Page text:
The song starts with an instantly catchy and smoothly rhythmic intro on John’s acoustic guitar – no echoplex this time – joined by Danny Thompson’s double bass and some shuffling drums and high hats.  The rhythm and tone are blues but tinged with jazz in a shimmering upbeat tradition rather than a complete downer. Then John’s effortless voice drifts in, in mellow mode, do-be-da-ing along with it and he seems to be singing of happiness, but what’s this?  The words are suggesting he could be suicidal!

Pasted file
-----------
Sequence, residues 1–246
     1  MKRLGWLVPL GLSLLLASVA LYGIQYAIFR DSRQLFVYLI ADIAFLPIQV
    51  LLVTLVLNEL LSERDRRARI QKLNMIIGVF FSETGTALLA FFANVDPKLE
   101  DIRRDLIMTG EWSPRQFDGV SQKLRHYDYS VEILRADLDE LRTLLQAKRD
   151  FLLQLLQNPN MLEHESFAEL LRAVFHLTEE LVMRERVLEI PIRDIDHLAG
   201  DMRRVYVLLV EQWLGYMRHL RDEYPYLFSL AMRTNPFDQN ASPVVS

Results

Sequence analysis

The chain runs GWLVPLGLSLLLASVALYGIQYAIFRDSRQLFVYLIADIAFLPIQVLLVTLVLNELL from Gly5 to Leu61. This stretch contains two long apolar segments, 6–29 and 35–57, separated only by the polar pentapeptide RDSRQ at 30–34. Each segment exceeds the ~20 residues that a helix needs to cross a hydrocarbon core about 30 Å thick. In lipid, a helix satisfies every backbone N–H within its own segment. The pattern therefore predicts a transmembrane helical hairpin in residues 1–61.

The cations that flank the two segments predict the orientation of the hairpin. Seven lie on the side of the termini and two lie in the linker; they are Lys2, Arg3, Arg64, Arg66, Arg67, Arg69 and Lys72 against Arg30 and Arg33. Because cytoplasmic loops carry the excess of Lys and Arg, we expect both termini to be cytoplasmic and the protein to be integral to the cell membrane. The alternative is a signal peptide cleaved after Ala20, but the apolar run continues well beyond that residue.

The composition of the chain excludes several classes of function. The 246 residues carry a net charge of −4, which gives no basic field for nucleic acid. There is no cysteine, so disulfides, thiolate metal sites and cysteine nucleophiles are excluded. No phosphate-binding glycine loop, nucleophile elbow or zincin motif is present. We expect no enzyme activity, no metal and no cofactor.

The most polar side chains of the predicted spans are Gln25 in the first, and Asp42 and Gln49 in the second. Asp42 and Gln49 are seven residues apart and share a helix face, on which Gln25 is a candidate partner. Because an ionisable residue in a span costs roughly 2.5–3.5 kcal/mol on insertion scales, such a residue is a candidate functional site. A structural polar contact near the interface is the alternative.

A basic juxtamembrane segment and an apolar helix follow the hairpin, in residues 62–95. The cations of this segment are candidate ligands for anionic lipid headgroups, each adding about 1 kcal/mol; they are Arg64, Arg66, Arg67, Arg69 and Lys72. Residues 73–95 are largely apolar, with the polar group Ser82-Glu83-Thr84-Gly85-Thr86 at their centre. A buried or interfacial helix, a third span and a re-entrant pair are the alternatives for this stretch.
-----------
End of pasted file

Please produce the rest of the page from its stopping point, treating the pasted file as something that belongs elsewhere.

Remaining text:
“If I can’t be a happy man,
I won’t be no one at all.
If I can’t be just who I am,
I won’t let you come to call.”

No, it’s a protest to his lover, demanding his freedom. John wants to be happy, he wants to be loved, but he needs his space.

“I was all right before
I walked through the door
I was all right outside
But inside I had to cry.”

So John was just minding his own business and then walked into trouble with a capital T. Suddenly he’s out of control and his world is thrown into confusion. He compares his outward serenity, matched by the lilting rhythm and tone of the song, with an increased sense of desperation in the second half of the verse. There’s an ambiguity here as well: is he talking about being OK while he was physically outside the door and then crumpling once inside, or is it purely metaphorical, contrasting his exterior with his inner feelings? Sometimes I hear it one way, sometimes another.